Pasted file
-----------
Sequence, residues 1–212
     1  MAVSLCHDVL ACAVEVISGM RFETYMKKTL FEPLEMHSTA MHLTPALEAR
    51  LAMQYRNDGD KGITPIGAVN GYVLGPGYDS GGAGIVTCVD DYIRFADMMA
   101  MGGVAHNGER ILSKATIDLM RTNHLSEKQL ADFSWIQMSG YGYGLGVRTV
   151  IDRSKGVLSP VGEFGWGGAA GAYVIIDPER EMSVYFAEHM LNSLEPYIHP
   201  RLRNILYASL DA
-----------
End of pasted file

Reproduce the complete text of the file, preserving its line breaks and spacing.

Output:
Sequence, residues 1–212
     1  MAVSLCHDVL ACAVEVISGM RFETYMKKTL FEPLEMHSTA MHLTPALEAR
    51  LAMQYRNDGD KGITPIGAVN GYVLGPGYDS GGAGIVTCVD DYIRFADMMA
   101  MGGVAHNGER ILSKATIDLM RTNHLSEKQL ADFSWIQMSG YGYGLGVRTV
   151  IDRSKGVLSP VGEFGWGGAA GAYVIIDPER EMSVYFAEHM LNSLEPYIHP
   201  RLRNILYASL DA